The priest acts in persona Christi (“in the person of Christ”) and in confession the penitent is speaking to God himself through the ministry of the priest. That means that the information given during sacramental confession doesn’t properly belong to the priest himself as a fellow human being; it belongs properly to the penitent and to God. That is one reason why the priest cannot act upon what he hears in sacramental confession. Another reason is even more serious: If penitents have reason to fear that a priest is allowed to reveal their confessions, they won’t confess. If they don’t confess, they risk hell. Ultimately, the inviolability of the seal of confession is about saving lives — it is about saving the immortal souls of those who have committed mortal sin and are at risk of eternal damnation.

Michelle Arnold – Catholic Answers Apologist


Question :– I’m currently in RCIA and during Mass before our classes a man either had a stroke or a heart attack in the pews and fell over to the ground. 5 or 6 people stood up and interrupted the priest’s sermon yelling “we need a doctor” and “call 911.” The priest didn’t say anything, nor really do anything. He just stopped and told us to stand up and say the Nicene Creed (like we normally do). I was confused and quite upset about this. What exactly is the role of the priest when something like this happends?

P.S. – This incident happened before communion took place, if that makes any difference.

Thank you very much.

Answer :-


If the priest is young and inexperienced, his reaction is understandable. Perhaps, for some reason he became confused. But what a priest ordinarily should do in such an emergency is to go down and anoint the man and remain with him until he is taken from the church. THEN, he should continue with the Mass.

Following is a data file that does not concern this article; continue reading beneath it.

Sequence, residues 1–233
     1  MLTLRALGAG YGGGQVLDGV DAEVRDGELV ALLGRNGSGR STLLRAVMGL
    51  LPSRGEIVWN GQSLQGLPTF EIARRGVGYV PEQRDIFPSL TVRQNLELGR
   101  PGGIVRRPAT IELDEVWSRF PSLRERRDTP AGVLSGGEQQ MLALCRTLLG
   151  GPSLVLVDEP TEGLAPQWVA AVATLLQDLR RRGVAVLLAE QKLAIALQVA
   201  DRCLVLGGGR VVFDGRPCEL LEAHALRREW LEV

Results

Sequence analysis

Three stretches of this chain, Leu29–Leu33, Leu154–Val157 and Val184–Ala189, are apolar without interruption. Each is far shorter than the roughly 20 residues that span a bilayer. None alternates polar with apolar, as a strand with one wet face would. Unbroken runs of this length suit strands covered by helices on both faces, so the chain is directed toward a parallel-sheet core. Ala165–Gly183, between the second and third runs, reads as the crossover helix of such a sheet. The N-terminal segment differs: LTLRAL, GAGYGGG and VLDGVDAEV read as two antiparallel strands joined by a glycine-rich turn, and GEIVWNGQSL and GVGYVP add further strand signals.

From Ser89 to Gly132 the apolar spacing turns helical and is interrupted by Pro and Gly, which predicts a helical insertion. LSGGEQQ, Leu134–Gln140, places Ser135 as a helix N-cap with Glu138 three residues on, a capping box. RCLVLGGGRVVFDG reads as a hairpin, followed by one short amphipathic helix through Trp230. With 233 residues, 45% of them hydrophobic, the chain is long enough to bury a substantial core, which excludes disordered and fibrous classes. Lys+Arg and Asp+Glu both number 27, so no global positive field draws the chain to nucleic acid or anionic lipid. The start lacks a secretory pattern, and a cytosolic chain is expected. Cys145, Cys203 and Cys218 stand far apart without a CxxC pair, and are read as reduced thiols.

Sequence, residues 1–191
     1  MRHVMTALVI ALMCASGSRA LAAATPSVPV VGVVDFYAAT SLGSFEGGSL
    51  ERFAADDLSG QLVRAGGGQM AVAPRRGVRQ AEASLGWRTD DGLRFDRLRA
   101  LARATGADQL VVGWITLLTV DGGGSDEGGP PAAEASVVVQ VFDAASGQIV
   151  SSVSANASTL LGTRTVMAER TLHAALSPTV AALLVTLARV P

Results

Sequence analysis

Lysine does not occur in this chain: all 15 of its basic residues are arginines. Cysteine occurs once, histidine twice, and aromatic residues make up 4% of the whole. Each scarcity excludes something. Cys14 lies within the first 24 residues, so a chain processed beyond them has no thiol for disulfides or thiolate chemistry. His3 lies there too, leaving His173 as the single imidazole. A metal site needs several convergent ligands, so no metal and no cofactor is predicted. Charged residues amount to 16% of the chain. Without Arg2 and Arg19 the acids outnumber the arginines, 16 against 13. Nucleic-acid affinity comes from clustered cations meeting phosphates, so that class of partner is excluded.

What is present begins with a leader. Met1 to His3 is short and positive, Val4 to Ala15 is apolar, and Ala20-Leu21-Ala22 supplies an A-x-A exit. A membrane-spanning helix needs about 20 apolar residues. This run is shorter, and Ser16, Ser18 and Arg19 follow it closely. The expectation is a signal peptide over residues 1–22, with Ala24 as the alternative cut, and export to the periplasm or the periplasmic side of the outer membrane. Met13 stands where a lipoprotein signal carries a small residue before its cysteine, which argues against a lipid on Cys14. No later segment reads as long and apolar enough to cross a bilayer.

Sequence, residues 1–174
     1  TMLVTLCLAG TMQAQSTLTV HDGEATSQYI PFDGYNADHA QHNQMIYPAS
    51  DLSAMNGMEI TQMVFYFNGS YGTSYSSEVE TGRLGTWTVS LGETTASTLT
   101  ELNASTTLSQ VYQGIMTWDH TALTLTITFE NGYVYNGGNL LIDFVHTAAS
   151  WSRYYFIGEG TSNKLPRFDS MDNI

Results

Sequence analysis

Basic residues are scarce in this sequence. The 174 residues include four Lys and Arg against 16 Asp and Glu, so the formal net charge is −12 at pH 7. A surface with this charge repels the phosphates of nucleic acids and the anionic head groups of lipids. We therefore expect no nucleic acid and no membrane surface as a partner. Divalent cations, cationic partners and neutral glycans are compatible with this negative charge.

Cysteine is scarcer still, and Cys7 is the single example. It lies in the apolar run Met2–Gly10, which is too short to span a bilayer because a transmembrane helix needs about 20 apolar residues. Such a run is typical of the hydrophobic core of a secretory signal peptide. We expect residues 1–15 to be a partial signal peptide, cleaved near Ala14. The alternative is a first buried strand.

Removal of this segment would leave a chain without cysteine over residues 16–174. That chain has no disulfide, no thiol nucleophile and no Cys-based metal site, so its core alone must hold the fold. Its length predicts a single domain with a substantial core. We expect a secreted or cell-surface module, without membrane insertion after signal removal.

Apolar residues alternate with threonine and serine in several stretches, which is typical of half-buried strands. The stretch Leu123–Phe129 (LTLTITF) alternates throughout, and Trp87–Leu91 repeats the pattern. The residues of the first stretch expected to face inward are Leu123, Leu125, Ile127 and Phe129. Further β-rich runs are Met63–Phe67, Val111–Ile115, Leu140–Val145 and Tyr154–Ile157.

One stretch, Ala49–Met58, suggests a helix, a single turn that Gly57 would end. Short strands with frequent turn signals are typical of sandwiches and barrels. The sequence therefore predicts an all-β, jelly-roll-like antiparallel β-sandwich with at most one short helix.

Fr. Vincent Serpa, O.P.

Is it normal to feel abandoned by God?

Posted: October 6, 2010 by CatholicJules in Questions & Answers

QUESTION : I was not active in the church for many years. I started back the week after Easter of 2009. In the following months, I became very active in my church and felt very good about what I was doing. One night last summer I woke up in the middle of the night and felt what can only be described as pure love filling the room (I live alone).

Recently, however, I don’t feel it as much or even at all. I still believe and I still work to deepen my faith but I can’t honestly say that I feel the constant presence of God in my life these days. When I pray, I don’t feel like my prayers are being heard let alone answered. I know that God won’t abandon me ever, but recently I have felt like I have been going through life alone and I don’t know why.

ANSWER : God gave you consolations when He determined that you needed them. Now, He wants your fidelity without consolations. Now you show your love for Him because He is that you want and not the consolations. This purifies your love and makes it greater. Just keep your eyes on Him. Mother Teresa went for over twenty years without consolations. It wasn’t easy, but her love for Him grew–and so will yours.

You might want to read a book on this: “Mother Teresa: Come, Be My Light” by Fr. Brian Koldiejchuk, M.C.

Fr. Vincent Serpa, O.P.

Should I Give Up?

Posted: October 4, 2010 by CatholicJules in Questions & Answers

QUESTION : My world is crashing around me. I feel so alone. I’ve tried hard to pray and be faithful to my marriage, family, friends. But I am alone. My husband lost his job and has been out of work for over a year. We are becoming unable to pay all our bills. He doesn’t seem to care anymore. I really would just love to walk away, but my Catholic faith is holding me. But I don’t know for how long. I want to give up. Any suggestions on keeping the faith?

ANSWER : Reflect on the following each day and anytime you are tempted to give up. He has been there, He is with you and He alone can see you through.

Fr. Vincent Serpa, O.P.

Reflection on the Passion of Our Lord Jesus Christ +

The agony in the garden was really the agony in His mind which resulted in His sweating blood. He suffered the passion in His mind and in His body. Such mental and physical suffering actually intensified each other.

At the base of all His suffering was the one thing that human beings dread the most: rejection. He was betrayed by Judas, denied by Peter and abandoned by all the rest of His Apostles; those He had hand picked as His closest intimates. He was most rejected by those who put Him to death. They not only wanted Him dead, they wanted Him to suffer. They not only considered Him to be worth nothing, they considered Him to be worth minus nothing! This significance was not lost on Him. He felt fully the rejection as each physical agony reminded Him.